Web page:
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Original Investigation
November 2017

Association Between Opioid Prescribing Patterns and Abuse in Ophthalmology

Author Affiliations
  • 1Vanderbilt Eye Institute, Nashville, Tennessee
JAMA Ophthalmol. 2017;135(11):1216-1220. doi:10.1001/jamaophthalmol.2017.4055
Key Points

Question  What are the trends in opioid prescribing among ophthalmologists?

Findings  In this observational cohort study, we analyzed Medicare Part D Prescription Drug Program beneficiaries from 2013 to 2015 and found that 88% to 89% of ophthalmologists wrote 10 opioid prescriptions or fewer annually. Southern states in the United States tended to have a higher number of prescriptions written per physician.

Meaning  These results suggest ophthalmologists in general prescribe opioids responsibly; the current prescription opioid epidemic should prompt physicians to consider revisiting their opioid prescribing protocols.


Importance  Drug overdoses have become the number 1 cause of mortality in American adults 50 years and younger. Prescription opioid abuse is a growing concern that has garnered widespread attention among policymakers and the general public.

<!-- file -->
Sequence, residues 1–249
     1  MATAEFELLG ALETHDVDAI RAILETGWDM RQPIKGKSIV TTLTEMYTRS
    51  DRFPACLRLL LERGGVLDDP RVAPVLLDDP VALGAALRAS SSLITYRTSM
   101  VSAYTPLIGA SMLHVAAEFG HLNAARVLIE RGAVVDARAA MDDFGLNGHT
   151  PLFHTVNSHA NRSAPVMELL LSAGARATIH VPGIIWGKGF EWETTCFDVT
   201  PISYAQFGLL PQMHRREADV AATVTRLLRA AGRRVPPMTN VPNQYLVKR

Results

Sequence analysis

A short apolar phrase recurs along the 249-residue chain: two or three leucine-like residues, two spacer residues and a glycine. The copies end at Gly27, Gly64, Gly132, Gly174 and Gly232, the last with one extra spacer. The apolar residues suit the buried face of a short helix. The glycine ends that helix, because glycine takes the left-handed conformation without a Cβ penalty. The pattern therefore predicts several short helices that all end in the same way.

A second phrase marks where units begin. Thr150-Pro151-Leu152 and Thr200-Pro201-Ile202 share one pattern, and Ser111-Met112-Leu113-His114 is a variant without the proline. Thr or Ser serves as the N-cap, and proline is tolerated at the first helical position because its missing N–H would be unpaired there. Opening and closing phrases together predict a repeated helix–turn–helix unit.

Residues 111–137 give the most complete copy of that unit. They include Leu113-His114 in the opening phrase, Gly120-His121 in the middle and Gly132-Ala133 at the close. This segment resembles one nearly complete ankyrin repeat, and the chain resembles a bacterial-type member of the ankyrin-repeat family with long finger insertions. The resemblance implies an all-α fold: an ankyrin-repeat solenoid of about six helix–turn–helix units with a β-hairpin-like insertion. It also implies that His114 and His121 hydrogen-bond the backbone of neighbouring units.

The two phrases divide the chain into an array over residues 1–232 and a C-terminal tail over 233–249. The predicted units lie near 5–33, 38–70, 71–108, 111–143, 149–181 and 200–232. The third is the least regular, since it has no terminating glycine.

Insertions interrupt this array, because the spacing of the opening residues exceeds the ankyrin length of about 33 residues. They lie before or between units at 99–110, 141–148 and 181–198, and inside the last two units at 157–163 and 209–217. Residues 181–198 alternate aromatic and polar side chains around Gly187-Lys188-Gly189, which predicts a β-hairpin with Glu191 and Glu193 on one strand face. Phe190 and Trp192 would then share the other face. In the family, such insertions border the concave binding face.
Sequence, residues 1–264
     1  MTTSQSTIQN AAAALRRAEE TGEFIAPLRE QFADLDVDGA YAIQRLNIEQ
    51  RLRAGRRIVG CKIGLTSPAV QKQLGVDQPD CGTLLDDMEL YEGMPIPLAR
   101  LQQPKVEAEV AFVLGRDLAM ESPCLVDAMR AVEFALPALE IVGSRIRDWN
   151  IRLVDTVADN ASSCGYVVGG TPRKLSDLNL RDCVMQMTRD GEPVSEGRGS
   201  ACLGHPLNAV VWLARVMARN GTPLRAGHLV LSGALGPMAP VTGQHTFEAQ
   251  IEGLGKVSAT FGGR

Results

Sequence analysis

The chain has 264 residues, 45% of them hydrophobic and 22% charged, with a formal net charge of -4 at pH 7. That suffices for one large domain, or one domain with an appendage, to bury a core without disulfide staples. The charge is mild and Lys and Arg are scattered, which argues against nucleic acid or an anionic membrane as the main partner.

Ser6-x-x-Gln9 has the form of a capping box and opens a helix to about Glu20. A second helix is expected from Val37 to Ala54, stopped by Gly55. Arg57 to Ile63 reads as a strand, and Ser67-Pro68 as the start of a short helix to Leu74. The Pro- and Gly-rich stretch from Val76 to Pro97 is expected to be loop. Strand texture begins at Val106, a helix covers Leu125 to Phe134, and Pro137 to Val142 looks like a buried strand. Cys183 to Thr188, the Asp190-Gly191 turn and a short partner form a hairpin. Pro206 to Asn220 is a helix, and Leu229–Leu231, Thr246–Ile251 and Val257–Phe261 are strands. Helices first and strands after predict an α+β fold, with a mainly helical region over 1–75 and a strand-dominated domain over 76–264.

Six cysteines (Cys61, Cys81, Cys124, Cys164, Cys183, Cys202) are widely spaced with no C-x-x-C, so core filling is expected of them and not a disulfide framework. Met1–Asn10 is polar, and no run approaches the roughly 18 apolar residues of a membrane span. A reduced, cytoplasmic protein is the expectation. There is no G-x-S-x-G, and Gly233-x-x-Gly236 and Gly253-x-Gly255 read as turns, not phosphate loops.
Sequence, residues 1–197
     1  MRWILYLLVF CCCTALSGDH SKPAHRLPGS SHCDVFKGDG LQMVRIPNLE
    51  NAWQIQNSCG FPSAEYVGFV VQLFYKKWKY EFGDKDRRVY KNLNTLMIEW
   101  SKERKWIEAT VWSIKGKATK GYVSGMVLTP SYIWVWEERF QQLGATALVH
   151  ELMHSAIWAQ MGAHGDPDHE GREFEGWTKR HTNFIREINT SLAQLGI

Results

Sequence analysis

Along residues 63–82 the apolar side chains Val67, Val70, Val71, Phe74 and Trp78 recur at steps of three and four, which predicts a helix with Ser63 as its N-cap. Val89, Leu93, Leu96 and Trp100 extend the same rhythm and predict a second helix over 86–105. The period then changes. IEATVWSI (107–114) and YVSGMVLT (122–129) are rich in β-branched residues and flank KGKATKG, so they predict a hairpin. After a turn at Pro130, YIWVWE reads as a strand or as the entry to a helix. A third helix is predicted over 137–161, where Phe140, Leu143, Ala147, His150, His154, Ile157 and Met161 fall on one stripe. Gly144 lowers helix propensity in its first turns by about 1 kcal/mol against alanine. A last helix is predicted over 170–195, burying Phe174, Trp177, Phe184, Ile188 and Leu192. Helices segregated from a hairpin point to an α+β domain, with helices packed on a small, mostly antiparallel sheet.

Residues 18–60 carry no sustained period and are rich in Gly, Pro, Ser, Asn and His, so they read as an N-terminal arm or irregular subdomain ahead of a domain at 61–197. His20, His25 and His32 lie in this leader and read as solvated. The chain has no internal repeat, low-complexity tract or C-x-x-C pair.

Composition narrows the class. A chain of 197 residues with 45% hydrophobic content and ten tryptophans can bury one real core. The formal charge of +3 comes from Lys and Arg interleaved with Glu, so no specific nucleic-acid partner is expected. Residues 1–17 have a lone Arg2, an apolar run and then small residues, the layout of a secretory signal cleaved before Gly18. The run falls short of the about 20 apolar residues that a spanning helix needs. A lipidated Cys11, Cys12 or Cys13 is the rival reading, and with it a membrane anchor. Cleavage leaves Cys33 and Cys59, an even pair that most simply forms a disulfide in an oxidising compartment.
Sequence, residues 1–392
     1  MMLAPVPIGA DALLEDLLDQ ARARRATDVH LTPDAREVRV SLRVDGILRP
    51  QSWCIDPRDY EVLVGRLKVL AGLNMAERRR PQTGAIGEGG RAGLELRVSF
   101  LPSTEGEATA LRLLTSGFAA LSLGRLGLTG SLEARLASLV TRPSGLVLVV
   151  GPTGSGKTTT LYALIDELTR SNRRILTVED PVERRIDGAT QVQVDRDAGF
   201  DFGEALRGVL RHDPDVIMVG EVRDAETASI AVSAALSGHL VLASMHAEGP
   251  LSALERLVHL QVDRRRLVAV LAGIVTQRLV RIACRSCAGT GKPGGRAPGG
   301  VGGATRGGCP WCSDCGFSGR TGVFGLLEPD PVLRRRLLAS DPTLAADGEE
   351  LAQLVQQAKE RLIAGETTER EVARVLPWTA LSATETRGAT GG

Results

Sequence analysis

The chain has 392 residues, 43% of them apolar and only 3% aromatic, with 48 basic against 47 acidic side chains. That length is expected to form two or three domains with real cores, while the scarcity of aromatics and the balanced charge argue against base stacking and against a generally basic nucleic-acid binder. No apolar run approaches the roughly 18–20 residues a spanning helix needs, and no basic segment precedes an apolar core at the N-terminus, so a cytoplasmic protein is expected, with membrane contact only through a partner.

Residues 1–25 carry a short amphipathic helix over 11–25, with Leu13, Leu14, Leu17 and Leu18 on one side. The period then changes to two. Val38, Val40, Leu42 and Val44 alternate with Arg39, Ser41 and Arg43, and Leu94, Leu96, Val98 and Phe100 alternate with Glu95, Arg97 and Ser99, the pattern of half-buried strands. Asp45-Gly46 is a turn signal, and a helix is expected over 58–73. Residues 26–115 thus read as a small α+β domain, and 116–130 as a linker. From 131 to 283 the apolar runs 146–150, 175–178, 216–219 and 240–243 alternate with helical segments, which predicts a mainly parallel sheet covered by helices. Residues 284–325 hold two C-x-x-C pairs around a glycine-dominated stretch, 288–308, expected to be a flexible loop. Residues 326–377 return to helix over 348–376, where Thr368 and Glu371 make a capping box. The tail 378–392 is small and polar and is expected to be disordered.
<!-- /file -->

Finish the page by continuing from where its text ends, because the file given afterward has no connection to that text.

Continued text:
Objective  To determine the opioid prescribing patterns among ophthalmologists and elucidate their role in the prescription opioid abuse epidemic.

Design, Setting, and Participants  In this observational cohort study, beneficiaries and their physicians were analyzed using 2013 to 2015 Medicare Part D Prescriber Data. The Centers for Medicare and Medicaid Services Medicare Part D Prescriber Public Use Files for 2013, 2014, and 2015 were accessed. Analysis began in June 2017. Data were collected and analyzed regarding the prescribing patterns for opioid drugs (eg, number of prescriptions written including refills, number of days’ supply, and prescriber rates) for all participating ophthalmologists.

Main Outcomes and Measures  The mean number of opioid prescriptions written annually by ophthalmologists; prescriber rates compared with all prescriptions written; and geographic distribution of opioid prescriptions written per ophthalmologist.

Results  In 2013, 4167 of 19 615 ophthalmologists were women (21.2%). Consistently, most ophthalmologists (88%-89%) wrote 10 opioid prescriptions or fewer annually. Approximately 1% (0.94%-1.03%) of ophthalmologists wrote more than 100 prescriptions per year. On average, ophthalmologists wrote 7 opioid prescriptions per year (134 290 written annually by 19 638 physicians, on average) with a mean supply of 5 days. The 6 states with the highest volume of opioid prescriptions written annually per ophthalmologist were located in the southern United States.

Conclusions and Relevance  In general, ophthalmologists show discretion in their opioid prescribing patterns. The present opioid abuse epidemic should prompt physicians to consider revisiting their prescribing protocols given the high risk for dependency.